Trio prove they're cut above More challenges: Carroll County's three unbeaten wrestling champs -- Chenoweth, Conaway and Kiler -- take their perfect records into the state regional tournament today.

February 23, 1996|By Glenn P. Graham | Glenn P. Graham,SUN STAFF

Tommy Kiler grew up in a wrestling family. He started when he was 4 or 5 and remembers going to practice and not paying much attention at first.

Mike Chenoweth was already playing basketball when he first gave wrestling a try in middle school. He liked basketball a lot more back then.

Charlie Conaway first hit the mat at 9, wrestling for a Winfield Warriors "B" team. He took his lumps in that first year, taking a year off from the sport after that.

And they all were there last Saturday, taking their turns atop the podium at South Carroll High, accepting their medals for winning county titles.

For Kiler, it was nothing new, his fourth straight county title for North Carroll. Chenoweth confessed of being a little nervous before winning his third crown, saying afterward it was because this was the one he was expected to win. Conaway, his teammate at South Carroll, simply savored his first title.

Ten other very good wrestlers stepped up to the podium that night, but Kiler, Chenoweth and now Conaway were clearly a cut above.

The three are a combined 68-0 this season and you can count the number of back points they've given up this season on one hand.

Trying to find out what separates those guys from the rest is difficult, mainly because all three are soft-spoken and would much rather do their talking on the mat.

"I've really just taken it one match and one year at a time and I'm not going to look at it as a whole until it's all over," Kiler said.

With the Class 3A-4A regionals starting today and the states next week, all say there's still plenty of work to do.

Chenoweth (24-0 and going after his third state crown) is ranked first at 171 pounds by the Maryland State Wrestling Association. Kiler, who won his first state title last season and is 20-0 this season, is ranked second at 140 behind Tyrone Neal, a two-time defending state champ from Southern-AA. Conaway (24-0) is second in the state at 160, behind only Mount St. Joseph's two-time private schools champ Tyran Dungee.

All three have similarities in their backgrounds, but have taken different paths to the top. All have extensive experience in the junior leagues and all have fathers who have figured prominently their success.

"My dad got me into wrestling in the seventh grade. I was playing basketball and wrestling at the same time and kind of liked basketball better," Chenoweth said.

"The next year, I just wrestled. Those first two years I didn't do too well, I probably won just six matches in those two years."

The turning point for Chenoweth came in his freshman year when he opted to stay in the junior leagues with the Winfield Warriors instead of wrestling for South Carroll High.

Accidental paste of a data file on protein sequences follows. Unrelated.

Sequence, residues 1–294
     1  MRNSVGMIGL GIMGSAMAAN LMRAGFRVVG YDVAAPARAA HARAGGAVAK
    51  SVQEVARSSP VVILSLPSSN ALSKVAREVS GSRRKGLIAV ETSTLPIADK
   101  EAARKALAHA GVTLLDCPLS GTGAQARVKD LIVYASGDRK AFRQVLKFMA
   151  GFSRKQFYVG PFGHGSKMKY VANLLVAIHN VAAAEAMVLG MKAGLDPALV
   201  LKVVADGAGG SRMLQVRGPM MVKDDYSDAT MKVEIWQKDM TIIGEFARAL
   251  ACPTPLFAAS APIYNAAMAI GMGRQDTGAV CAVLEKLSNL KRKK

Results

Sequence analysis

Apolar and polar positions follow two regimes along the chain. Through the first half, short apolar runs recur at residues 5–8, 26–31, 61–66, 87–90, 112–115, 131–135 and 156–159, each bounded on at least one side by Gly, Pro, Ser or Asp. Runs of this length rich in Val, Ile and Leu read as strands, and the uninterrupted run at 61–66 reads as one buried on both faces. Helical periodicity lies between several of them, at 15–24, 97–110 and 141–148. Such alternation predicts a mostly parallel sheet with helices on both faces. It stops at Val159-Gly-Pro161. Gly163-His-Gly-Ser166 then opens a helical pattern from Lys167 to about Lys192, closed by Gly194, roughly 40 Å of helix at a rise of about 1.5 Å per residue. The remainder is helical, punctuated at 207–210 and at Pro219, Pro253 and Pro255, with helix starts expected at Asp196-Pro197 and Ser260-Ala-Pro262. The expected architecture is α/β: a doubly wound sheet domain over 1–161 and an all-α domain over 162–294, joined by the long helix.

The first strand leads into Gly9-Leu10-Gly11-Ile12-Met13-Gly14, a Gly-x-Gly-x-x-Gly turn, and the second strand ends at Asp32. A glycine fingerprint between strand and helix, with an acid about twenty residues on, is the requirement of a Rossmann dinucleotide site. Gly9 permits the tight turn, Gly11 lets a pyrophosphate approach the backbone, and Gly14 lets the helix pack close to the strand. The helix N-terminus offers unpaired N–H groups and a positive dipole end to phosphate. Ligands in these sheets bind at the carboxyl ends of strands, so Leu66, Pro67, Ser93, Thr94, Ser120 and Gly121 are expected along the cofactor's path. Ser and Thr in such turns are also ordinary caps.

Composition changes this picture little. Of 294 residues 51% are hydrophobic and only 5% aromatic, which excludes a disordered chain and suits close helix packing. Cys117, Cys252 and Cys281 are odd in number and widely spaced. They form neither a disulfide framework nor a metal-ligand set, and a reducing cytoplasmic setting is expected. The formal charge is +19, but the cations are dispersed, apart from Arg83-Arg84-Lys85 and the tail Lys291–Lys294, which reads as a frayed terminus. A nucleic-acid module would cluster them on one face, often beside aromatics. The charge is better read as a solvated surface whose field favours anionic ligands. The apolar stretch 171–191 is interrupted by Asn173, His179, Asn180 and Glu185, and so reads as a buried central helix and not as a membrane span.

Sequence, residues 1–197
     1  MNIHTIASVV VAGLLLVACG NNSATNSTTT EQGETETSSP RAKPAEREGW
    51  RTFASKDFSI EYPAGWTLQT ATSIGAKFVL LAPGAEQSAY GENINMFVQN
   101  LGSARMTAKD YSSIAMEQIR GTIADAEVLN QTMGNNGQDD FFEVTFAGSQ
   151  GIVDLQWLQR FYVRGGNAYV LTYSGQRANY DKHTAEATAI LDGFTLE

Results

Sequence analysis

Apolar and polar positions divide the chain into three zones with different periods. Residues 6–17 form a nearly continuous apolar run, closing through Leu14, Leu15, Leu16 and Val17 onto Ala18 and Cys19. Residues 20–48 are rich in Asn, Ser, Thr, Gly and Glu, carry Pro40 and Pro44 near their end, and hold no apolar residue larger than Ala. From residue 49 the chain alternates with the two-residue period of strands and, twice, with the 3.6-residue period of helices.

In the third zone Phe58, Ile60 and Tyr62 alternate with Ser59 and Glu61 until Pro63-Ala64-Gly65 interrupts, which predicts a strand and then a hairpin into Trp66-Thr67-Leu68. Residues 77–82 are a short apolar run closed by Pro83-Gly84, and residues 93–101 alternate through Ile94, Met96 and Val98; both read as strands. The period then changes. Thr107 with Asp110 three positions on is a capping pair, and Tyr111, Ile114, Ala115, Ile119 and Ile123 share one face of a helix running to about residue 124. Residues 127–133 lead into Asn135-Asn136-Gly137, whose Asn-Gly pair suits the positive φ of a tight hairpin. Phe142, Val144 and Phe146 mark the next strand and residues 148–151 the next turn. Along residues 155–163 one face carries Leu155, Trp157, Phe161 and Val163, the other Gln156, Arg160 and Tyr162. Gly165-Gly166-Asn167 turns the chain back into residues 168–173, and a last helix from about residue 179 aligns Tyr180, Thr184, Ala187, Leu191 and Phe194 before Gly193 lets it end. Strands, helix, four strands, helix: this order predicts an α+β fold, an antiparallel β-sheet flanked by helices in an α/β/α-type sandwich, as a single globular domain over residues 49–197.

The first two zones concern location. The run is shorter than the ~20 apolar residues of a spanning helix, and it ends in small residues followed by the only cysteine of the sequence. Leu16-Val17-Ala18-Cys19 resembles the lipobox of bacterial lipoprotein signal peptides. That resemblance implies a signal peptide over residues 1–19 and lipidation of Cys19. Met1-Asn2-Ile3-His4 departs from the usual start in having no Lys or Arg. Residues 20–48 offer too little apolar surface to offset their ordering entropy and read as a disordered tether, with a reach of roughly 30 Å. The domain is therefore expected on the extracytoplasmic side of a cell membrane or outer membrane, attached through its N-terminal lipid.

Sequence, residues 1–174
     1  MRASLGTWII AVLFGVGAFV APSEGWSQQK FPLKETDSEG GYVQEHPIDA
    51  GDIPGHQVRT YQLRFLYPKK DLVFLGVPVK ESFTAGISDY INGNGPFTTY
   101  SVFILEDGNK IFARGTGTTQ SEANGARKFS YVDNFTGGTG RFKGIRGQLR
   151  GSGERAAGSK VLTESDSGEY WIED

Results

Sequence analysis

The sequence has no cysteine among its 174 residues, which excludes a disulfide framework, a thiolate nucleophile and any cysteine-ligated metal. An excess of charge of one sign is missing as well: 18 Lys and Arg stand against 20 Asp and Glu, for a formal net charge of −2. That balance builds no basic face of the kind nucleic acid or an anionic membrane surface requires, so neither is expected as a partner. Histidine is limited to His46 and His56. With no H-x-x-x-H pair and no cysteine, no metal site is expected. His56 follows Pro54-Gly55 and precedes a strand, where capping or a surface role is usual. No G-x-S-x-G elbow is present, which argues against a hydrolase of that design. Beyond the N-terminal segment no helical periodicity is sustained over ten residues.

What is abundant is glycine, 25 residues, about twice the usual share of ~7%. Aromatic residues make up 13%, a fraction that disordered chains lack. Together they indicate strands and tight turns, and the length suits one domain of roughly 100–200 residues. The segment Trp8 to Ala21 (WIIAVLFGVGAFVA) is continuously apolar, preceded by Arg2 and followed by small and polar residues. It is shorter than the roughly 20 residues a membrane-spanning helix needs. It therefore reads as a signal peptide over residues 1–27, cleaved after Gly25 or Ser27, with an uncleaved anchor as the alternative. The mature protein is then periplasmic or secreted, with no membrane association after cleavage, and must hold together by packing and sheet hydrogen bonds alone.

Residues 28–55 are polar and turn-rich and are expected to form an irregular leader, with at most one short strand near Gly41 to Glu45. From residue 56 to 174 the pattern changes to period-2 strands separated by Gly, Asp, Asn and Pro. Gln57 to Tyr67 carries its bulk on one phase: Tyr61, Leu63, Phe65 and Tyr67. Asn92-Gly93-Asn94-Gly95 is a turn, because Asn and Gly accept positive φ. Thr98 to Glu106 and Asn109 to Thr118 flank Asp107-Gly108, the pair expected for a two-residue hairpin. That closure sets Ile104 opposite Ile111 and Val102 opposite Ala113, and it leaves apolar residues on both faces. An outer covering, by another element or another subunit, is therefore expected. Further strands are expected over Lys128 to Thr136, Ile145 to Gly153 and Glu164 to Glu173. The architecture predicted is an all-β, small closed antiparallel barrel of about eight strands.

"I hadn't really done all that well that year, maybe winning two-thirds of my matches. And then I won a regional title and haven't lost much since," he said.

"It gave me a lot of confidence before I got to high school and then I won my first couple of matches [at South Carroll] pretty easily and went from there."

Chenoweth, an All-Metro defensive end last fall in football, has gone on to dominate. He finished 31-1 that sophomore year with a school-record 27 pins. By his junior year, he already had the South Carroll mark for career pins.

"I mostly wrestle because it makes my parents proud and if it makes them feel proud, I can feel proud," he said.

Cavaliers coach Pete Olson said he's probably seen more improvement from Chenoweth this season than years past.

"This year, he has truly taken himself another step higher," Olson said.

"Technically, he's so much more efficient. Before he would make a mistake, but could get out of it with his athletic ability. The bottom line is he's developed as a wrestler, not just a pinner. He's got more than just the fastball. He can hurt you with a slider, a curve or anything else that can be thrown."

Ken Kiler, Tom's father, built a solid junior league program in Manchester that has produced a number of state champs at North Carroll. One is Tom, who has taken work ethic and consistency to a higher level. In his 20 wins this season, 14 have been pins.

"Dad had the program started before I was born and I was going to wrestling practice before I realized it. I was never forced into it, but it was always there for me," Tom said.

"I remember when I first started [former North Carroll teammate] Doug Dell and I wouldn't pay much attention in practice and then as time went on I became more and more interested. It all started coming together in sixth or seventh grade. Wrestling has helped shape me into the person I am."

Conaway, who also spent his freshman year with the Warriors, has made the most dramatic improvements through his high school career.

Always a superb technical wrestler, he worked in the off-season to improve his strength and endurance. His biggest challenge came in last year's county championship when he opted to go up against state champ Zac Yinger of Francis Scott Key.

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